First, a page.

‘Beauty or brains… I was blessed with both!’
Is self-esteem overrated? The Apprentice returns next week, and the candidates have been unveiled. As usual, they ooze extreme self-confidence: a trait admired by some, but hated by others.
“I have the beauty and the brains, typically people only have one. I was blessed with both.” So claims Daniel Elahi — one of 18 entrepreneurs set to battle it out for £250,000 in a new series of The Apprentice.
It remains to be seen how much business talent will be on show. But when it comes to selling themselves, the candidates truly excel.
“There’s no need to watch your back when I’m already two steps in front,” claims marketing manager Frank Brooks.
Sian Gabbidon (who owns a swimwear brand) is the self-declared “Beyoncé of business”, while consultant Jackie Fast says she is not “intimidated by anyone, or anything.”
What links these outlandish statements? Each one shows the speaker has a high level of self-esteem, that is: belief in one’s own importance.
The idea that high self-esteem leads to success is a very modern notion. For thousands of years, Judeo-Christian wisdom emphasised the importance of modesty, humility and helping others.
Things changed in the 20th century. Philosophers like Ayn Rand rejected traditional ideas of altruism and declared that individuals must only care about themselves.
These ideas have seeped into our culture. One long-running study tracked students’ responses to the statement “I am an important person”. In the 1950s, only 12% agreed. By 1989, that number had soared to almost 80%.
Is self-esteem overrated?
I, me, mine
Absolutely, some argue. The modern cult of self-esteem stems from a philosophy which taught that selfishness is better than caring for others. This leads to arrogance and narcissism, rather than a fulfilling life.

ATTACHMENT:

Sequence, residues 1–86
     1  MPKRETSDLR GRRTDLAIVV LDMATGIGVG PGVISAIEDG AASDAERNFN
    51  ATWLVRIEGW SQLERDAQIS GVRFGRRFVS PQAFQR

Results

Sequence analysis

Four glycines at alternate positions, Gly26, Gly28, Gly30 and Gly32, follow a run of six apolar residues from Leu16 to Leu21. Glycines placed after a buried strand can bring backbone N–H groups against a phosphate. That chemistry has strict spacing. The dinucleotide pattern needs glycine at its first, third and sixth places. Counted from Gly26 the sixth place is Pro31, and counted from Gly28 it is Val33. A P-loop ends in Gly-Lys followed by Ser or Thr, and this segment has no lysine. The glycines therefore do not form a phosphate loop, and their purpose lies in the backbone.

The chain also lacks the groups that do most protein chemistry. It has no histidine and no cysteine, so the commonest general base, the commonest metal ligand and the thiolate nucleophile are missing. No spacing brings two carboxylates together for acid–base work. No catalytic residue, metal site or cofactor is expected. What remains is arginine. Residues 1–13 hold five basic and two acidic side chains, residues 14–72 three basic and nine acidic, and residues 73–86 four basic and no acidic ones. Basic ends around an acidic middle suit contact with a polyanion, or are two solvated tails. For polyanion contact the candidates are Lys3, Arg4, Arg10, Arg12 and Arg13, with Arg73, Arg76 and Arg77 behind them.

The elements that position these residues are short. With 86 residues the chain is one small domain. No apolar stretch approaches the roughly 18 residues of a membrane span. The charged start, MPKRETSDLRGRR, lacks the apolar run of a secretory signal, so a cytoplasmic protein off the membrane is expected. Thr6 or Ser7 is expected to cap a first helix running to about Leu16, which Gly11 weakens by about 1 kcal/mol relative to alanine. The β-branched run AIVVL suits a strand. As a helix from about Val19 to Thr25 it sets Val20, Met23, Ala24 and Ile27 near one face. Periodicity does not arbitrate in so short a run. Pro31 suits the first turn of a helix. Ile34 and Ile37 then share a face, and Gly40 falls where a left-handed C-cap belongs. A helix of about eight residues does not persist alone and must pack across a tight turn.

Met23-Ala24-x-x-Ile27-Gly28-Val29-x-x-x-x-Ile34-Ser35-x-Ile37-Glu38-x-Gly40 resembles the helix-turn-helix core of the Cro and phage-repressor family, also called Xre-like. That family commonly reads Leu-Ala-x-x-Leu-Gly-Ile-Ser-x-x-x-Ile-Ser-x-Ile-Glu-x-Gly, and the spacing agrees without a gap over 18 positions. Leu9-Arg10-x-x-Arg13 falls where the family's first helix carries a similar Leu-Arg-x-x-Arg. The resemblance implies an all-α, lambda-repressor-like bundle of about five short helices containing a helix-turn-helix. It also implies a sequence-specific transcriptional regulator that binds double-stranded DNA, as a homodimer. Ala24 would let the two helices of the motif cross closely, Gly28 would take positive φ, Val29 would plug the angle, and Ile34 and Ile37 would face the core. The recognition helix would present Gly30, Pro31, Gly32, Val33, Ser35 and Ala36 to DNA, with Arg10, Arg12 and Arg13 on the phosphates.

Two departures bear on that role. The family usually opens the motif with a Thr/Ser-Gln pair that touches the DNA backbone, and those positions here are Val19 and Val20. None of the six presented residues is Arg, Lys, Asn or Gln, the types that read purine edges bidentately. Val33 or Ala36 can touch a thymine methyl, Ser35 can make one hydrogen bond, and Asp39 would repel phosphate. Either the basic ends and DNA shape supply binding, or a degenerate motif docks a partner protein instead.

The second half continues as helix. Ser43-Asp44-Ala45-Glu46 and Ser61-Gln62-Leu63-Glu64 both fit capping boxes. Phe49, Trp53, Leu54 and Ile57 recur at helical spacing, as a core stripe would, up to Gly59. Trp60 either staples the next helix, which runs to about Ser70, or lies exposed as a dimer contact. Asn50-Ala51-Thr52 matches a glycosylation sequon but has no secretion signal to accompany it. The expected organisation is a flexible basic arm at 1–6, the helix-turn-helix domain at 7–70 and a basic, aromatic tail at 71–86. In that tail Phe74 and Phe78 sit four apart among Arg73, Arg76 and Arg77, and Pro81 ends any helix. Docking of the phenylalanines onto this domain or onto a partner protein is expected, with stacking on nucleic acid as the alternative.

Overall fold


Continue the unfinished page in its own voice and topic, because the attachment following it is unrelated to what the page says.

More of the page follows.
Not so fast, others respond. Encouraging people to have high-self esteem is crucial to their well-being. People who value themselves take charge of their own health, career and relationships.
- Is it possible to have too much self-esteem?
- Sum yourself up in one sentence — just like the Apprentice candidates. Make your description as fun and interesting as possible. Share it with the class.
Some People Say...
“The question isn’t who is going to let me; it’s who is going to stop me.”Ayn Rand
What do you think?
Q & A
- What do we know?
- The 14th series of The Apprentice will start next Wednesday. The selection process takes 12 weeks with the winner due to be announced in December. The winner will receive a £250,000 investment in their business.
- What do we not know?
- How long the format will last. However, the BBC have already commissioned series 15 and 16, which will keep the programme on TV screens until 2020.
- Someone who establishes a business, taking on financial risk in the hope of profit.
- Having a low view of one’s own importance. “Clothe yourselves with humility toward one another, because, ‘God opposes the proud but shows favour to the humble.’” 1 Peter 5: 5
- Showing selfless concern for the well-being and happiness of others.
- “Changes in adolescent response patterns on the MMPI/MMPI-a across four decades,” by C.R. Newsom, R.P. Archer, S. Trumbetta and I.I. Gottesman.